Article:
Schools Need to Consider Environmental Monitoring for A Return to The Classroom


Indoor air quality is fast becoming a major concern for parents of school-aged children. Environmental dangers such as pollution from wildfires to potential disease transmission can have a serious impact on air quality both inside and outside of the educational facility. In this article, we will look at how these air quality issues can be managed and the benefits of learning in an environment where the air quality is managed correctly.

Why Indoor Air Quality Matters

Studies indicate that we spend roughly 90% of the average day indoors. Indoor air can be up to five times more polluted than the air outside. Because children are extremely sensitive to air quality and spend the bulk of their days indoors in a school setting, it becomes even more important to improve and monitor air quality.

How Air Quality Can Be Monitored


Measuring and tracking devices known as data loggers are effective in monitoring air quality. These portable, battery-operated devices come in various models equipped with either onboard sensors or external probes. These sensors or probes gather various pieces of data on such environmental conditions as temperature, humidity, and CO2 levels. Some models contain alert systems that are triggered if measurements depart from pre-set parameters. The data collected can be downloaded to a computer or smartphone for analysis. This information forms the basis of evidence to adjust whatever air quality system is in place.

The Benefits of Good Indoor Air Quality in Schools

There are many advantages to having proper air quality inside a learning environment. Here is a look at the most common benefits.

It Improves Attendance Figures


Better ventilation in classrooms improves school attendance. And better attendance translates to higher grades for both elementary and middle school students. They also score better on academic exams.

It Helps to Support Better Health

Research points to poor indoor air quality harming the overall health of individuals exposed to it. For example:

  • Wheezing among children has been linked to elevated levels of CO2
  • Individuals with asthma and allergies can be affected by poor indoor air quality
  • A condition known as Sick Building Syndrome in children results from poor indoor air quality. The symptoms are headaches, sore throats, and lethargy.
  • Bacteria and dust mites thrive in high humidity and can irritate respiratory systems

It Encourages Better Teaching and Learning


Improved indoor air quality improves students’ concentration, cognitive skills, and engagement. Some of the proven academic results of good indoor air quality include:

  • Quicker completion of tasks (language-based and numeric) in 10 to 12-year-olds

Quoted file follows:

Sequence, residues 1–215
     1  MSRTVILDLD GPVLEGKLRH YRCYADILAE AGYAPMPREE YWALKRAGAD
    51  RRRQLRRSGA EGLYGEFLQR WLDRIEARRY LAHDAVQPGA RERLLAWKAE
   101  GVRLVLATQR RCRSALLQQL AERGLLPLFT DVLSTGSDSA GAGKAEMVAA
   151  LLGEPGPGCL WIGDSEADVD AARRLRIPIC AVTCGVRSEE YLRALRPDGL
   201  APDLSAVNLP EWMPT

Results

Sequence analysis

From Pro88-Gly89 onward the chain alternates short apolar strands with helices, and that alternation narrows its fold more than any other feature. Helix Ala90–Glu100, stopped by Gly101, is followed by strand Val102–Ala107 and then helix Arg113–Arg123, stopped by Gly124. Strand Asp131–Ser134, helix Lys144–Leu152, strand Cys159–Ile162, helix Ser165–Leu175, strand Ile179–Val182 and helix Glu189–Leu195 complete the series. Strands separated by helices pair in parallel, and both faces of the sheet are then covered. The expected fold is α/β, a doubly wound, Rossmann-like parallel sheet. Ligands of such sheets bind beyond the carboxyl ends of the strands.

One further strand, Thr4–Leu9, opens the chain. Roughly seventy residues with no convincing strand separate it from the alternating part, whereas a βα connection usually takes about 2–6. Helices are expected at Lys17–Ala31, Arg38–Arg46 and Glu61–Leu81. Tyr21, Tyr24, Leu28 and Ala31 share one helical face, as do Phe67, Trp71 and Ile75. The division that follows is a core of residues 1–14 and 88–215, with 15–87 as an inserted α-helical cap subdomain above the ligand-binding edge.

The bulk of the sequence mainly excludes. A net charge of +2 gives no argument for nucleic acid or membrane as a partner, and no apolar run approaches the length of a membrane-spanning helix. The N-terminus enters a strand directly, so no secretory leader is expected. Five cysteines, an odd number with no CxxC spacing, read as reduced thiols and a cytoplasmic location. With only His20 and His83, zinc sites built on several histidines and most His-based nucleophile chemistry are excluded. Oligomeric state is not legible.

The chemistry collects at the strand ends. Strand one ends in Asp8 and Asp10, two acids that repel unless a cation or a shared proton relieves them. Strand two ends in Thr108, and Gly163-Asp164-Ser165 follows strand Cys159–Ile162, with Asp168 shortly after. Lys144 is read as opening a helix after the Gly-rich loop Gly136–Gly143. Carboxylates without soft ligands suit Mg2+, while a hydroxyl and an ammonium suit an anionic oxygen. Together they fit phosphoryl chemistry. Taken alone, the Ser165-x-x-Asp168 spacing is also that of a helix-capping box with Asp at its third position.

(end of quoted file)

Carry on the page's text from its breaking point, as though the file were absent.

• Improved reading and math scores in elementary school-aged students
  • Quicker and more accurate responses to picture memory, color, and word recognition for primary school-aged children.

In addition, teachers and faculty felt better and more valued which resulted in improved performance. Reported by Dickson Data, poor indoor air quality where temperatures, CO2, and humidity are high, and ventilation is low, all combine to negatively impact how students, teachers, and staff feel and perform.

It Shows Responsibility and Compassion

Studies show that parents seek reassurance that the well-being of their children in school is a high priority. They indicate that 91% of those parents feel the air quality their children are exposed to directly impacts their health. When school districts upgrade the air systems and ventilation within their educational facilities, it is a clear signal to these parents that their children do matter and that their wellbeing is valued.

It Boosts Operational Efficiency


Devices that monitor CO2 levels produce data that schools and other educational institutions can use to make improvements within the operations of these sites, creating environments with higher efficiency rates. For example:

  • Heat, air, and venting is only on when classrooms and other rooms are in use
  • Food prep in the cafeteria is connected to student attendance to reduce waste
  • Cleaning schedules altered to address high traffic areas first
  • Timetables are corrected to focus on better use of available space

It Helps to Monitor Indoor Air Quality

It is easy to say that there are many benefits to having improved indoor air quality. However, it’s important to have the proper tools in place to monitor and track the air quality. There are guidelines and protocols related to proper ventilation in indoor settings, and monitoring devices can verify that these standards are being met and always maintained. Remember, air quality in the school setting is more than temperature, humidity, and CO2 levels. Pollutants range from smoke and airborne particles to bacteria and other harmful germs. A proper filtering system can address those items, but monitoring is still required to show that the indoor air quality is good and continues to be.

Final Thoughts

Children are the most susceptible when it comes to the effects of poor indoor air quality. They spend most of the day inside a school building. That building should have proper ventilation and controlled temperature and humidity. Data loggers can monitor and track these environmental conditions. They produce data that can be analyzed, and some contain systems that can issue an alert when conditions deteriorate. The importance of good indoor air quality in schools is proven with many benefits that are realized by both students, and their teachers and staff. Plus, with proper filtering and ventilation, the likelihood of sickness spreading within a school building is greatly reduced. For a better learning environment, assess your indoor air quality and see if it needs improvement.